Belite Bio wants public investors to bankroll late-phase clinical trials of a treatment for certain causes of blindness. With one study underway and another on the horizon, the San Diego-based biotech has filed the paperwork for a Nasdaq IPO.
Around two-thirds of the anticipated IPO haul is earmarked for clinical trials of LBS-008, a RBP4 inhibitor Belite thinks can reduce the accumulation of toxic byproducts of vitamin A in the eye. Belite plans to spend a soupçon of the money on a phase 3 clinical trial that is already underway in Stargardt disease, a form of juvenile macular degeneration, with most of the rest funding phase 2/3 work in dry age-related macular degeneration (AMD). A phase 2 or 3 study in dry AMD is scheduled to start this year.
The late-phase programs are underpinned by data from completed phase 1 and phase 1b trials in healthy volunteers and Stargardt patients. Belite tracked a 70% reduction in RBP4 relative to baseline in Stargardt patients, offering encouragement that the drug hits its target, and saw no serious treatment-emergent adverse events or deaths. As expected, transient night vision impairment cases occurred but were mild.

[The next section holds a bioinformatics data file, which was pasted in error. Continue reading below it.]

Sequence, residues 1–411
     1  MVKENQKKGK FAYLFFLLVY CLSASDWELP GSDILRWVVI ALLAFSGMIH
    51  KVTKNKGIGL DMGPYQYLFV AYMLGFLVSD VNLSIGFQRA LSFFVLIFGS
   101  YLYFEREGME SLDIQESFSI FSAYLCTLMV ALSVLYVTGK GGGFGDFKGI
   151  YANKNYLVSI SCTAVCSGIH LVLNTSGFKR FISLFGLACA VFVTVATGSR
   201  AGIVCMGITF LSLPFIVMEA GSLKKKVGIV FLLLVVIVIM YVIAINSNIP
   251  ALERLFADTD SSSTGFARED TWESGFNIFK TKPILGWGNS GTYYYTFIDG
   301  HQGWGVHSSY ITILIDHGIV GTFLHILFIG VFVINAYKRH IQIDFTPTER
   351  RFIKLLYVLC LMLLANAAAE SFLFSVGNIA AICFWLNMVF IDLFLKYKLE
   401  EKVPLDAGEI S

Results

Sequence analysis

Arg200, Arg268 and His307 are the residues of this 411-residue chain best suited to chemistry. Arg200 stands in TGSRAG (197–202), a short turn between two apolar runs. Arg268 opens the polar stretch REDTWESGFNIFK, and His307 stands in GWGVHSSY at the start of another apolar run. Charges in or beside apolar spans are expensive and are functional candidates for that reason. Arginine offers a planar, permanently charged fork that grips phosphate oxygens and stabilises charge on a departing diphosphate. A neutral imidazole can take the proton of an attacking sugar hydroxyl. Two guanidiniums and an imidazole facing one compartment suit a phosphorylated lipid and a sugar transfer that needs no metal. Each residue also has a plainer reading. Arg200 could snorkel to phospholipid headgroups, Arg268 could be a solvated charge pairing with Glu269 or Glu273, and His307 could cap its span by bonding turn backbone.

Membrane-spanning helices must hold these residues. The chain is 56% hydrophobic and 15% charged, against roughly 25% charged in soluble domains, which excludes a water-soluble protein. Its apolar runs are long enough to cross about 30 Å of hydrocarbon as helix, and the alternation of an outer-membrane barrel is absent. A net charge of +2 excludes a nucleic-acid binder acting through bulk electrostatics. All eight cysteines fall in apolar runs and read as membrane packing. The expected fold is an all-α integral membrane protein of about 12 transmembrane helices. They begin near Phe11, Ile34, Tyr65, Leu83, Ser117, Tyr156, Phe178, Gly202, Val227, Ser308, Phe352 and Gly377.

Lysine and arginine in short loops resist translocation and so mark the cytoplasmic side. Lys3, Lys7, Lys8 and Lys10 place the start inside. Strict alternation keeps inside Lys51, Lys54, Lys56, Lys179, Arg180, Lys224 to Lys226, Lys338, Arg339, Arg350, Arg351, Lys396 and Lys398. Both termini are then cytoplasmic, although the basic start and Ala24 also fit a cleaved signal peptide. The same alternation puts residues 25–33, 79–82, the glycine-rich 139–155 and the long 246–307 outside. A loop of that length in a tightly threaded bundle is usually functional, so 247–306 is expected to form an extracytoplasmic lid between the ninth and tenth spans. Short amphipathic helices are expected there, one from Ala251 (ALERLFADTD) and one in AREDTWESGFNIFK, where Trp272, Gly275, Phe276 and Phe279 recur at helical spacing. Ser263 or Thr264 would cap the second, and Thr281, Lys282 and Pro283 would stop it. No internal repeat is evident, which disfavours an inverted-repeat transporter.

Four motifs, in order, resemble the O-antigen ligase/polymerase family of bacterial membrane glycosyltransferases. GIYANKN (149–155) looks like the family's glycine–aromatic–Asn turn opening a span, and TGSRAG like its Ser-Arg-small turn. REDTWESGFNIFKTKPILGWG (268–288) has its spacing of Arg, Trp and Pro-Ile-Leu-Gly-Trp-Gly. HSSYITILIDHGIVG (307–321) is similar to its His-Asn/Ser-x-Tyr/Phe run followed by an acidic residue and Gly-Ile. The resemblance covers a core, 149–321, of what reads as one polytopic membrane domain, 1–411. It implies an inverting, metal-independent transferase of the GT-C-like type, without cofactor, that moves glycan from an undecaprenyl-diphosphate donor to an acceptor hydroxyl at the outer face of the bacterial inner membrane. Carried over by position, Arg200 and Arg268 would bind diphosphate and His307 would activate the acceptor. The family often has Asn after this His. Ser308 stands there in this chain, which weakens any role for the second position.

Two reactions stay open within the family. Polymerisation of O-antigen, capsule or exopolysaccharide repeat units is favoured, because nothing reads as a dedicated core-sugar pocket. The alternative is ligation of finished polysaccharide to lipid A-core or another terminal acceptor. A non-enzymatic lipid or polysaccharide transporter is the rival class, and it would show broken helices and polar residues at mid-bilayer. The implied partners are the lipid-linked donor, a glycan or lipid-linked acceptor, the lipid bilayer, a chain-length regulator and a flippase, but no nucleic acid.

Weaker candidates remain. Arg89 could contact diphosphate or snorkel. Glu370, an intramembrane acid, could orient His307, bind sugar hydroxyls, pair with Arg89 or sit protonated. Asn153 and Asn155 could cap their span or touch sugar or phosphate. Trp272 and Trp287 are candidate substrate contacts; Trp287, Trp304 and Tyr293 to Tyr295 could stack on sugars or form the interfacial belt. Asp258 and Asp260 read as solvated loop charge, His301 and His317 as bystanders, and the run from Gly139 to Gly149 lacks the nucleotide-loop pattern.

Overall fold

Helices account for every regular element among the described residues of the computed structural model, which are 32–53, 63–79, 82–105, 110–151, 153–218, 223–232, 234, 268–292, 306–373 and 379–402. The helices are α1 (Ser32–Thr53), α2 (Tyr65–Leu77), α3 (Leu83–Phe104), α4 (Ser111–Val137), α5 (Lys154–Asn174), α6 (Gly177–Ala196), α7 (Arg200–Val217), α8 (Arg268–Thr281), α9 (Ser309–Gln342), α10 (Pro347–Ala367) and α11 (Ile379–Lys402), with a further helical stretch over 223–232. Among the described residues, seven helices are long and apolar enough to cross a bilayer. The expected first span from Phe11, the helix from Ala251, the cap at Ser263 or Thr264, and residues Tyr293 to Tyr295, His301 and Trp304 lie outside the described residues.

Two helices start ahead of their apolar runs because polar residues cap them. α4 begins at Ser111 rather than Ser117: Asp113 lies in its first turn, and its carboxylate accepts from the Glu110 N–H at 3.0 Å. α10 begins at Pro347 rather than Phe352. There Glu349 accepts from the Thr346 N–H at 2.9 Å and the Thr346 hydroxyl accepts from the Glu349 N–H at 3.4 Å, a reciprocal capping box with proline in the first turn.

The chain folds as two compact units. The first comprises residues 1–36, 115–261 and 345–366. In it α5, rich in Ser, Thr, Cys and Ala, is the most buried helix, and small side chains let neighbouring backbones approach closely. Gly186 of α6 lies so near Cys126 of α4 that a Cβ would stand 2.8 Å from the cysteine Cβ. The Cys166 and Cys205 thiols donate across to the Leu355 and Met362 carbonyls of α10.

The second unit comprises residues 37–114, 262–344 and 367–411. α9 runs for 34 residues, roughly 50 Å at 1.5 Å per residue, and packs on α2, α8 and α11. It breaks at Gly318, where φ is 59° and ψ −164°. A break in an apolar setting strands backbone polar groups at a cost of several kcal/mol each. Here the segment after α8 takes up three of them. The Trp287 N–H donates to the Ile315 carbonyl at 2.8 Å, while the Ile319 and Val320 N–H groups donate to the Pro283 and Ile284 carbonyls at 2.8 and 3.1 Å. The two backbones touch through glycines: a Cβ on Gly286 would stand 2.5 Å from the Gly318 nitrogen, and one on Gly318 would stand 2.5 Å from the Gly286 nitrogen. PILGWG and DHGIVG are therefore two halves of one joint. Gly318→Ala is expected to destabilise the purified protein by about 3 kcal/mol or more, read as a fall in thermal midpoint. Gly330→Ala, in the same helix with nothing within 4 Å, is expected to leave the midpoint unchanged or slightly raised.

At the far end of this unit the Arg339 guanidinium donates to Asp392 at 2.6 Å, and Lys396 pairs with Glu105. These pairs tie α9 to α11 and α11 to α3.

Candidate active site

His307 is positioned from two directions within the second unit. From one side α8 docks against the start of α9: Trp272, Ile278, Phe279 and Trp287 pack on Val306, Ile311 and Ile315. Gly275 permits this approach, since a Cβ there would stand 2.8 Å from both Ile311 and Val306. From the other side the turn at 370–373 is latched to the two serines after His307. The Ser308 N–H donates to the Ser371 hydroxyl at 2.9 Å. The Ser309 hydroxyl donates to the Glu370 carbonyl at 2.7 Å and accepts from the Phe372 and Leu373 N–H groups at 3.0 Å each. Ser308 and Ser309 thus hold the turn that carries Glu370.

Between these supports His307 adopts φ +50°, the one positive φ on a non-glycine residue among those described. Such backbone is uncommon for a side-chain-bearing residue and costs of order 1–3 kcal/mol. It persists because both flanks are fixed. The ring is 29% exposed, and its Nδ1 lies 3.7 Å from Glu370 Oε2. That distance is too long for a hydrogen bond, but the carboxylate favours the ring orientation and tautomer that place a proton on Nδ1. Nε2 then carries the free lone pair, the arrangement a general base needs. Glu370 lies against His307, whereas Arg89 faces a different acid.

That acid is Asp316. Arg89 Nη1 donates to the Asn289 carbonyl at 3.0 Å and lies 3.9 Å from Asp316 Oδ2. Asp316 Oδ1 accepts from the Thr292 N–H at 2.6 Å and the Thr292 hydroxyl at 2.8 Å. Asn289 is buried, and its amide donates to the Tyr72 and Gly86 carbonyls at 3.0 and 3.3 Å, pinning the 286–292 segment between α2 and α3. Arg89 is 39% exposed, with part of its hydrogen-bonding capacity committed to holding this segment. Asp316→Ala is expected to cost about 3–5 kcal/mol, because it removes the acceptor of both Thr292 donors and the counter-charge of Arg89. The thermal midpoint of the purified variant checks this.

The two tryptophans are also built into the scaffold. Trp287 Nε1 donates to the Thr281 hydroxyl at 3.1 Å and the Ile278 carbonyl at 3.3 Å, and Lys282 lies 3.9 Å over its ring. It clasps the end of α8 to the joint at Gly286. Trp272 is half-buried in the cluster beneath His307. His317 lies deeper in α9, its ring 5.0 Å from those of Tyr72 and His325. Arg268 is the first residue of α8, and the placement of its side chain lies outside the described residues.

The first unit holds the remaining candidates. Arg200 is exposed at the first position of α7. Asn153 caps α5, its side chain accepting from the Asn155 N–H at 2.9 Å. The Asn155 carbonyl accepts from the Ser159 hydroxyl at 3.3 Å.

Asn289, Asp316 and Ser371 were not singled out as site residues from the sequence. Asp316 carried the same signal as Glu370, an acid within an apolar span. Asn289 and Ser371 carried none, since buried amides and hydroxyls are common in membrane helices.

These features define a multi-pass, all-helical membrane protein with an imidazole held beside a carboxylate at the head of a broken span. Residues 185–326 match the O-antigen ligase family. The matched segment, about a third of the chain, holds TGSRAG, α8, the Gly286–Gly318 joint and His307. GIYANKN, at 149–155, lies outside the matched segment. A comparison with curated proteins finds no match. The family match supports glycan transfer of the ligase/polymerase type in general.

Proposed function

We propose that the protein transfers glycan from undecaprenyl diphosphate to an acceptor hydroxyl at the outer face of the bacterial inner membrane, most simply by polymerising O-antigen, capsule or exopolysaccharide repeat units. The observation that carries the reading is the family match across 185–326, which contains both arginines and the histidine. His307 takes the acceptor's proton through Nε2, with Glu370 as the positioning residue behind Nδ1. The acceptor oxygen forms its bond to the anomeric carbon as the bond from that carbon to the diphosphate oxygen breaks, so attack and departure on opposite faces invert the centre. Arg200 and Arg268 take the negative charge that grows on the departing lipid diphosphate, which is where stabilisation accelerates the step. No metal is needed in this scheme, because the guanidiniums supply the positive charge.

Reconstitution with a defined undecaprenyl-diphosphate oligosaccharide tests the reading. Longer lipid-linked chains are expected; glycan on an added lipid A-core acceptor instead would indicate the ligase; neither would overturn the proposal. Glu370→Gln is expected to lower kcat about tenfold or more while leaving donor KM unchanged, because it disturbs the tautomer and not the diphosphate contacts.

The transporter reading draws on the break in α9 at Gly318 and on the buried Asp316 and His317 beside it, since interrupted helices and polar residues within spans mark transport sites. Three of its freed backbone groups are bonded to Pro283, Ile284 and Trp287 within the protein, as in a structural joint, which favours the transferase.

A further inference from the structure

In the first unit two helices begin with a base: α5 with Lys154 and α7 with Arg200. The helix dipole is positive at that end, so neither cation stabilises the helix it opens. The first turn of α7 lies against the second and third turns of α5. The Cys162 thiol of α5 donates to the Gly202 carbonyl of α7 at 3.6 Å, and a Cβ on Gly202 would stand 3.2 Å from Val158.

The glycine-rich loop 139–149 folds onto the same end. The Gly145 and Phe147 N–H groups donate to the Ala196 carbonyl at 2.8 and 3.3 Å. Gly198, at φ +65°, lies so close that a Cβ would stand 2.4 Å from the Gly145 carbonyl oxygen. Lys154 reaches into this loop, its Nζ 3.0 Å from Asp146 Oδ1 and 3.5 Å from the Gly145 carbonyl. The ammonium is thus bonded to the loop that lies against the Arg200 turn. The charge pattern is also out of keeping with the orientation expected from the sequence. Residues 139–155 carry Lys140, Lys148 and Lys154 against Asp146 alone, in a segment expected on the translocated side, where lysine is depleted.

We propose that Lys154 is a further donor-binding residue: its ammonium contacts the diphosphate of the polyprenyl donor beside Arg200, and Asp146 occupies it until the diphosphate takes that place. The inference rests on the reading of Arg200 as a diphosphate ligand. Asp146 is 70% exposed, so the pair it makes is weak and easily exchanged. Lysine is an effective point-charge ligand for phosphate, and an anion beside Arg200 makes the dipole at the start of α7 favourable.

Stargardt and dry AMD both represent unmet medical needs, but Belite is far from the only company that is trying to address the needs. In its IPO paperwork, Belite identifies four companies, three in the U.S. and one in Japan, with treatments for Stargardt in phase 2 to 3 clinical trials, plus three companies that are in late-phase development in geographic atrophy, an advanced form of dry AMD.
Other companies are in pursuit. Stargardt has emerged as a proving ground for ways to overcome the AAV capacity limit that restricts the diseases that are amenable to treatment with gene therapies. This year alone, SalioGen Therapeutics and SpliceBio have raised money to fund pipelines that feature assets against Stargardt.
While Belite still needs to convince public investors that it can carve out a space in the market, it has already secured insider support for the IPO, with its principal shareholder Lin Bioscience committing to a $15 million stock purchase. Lin, a Taiwan-based drug developer, owns 77% of Belite going into the IPO and will still control more than half of the shareholder voting power once the offering is complete.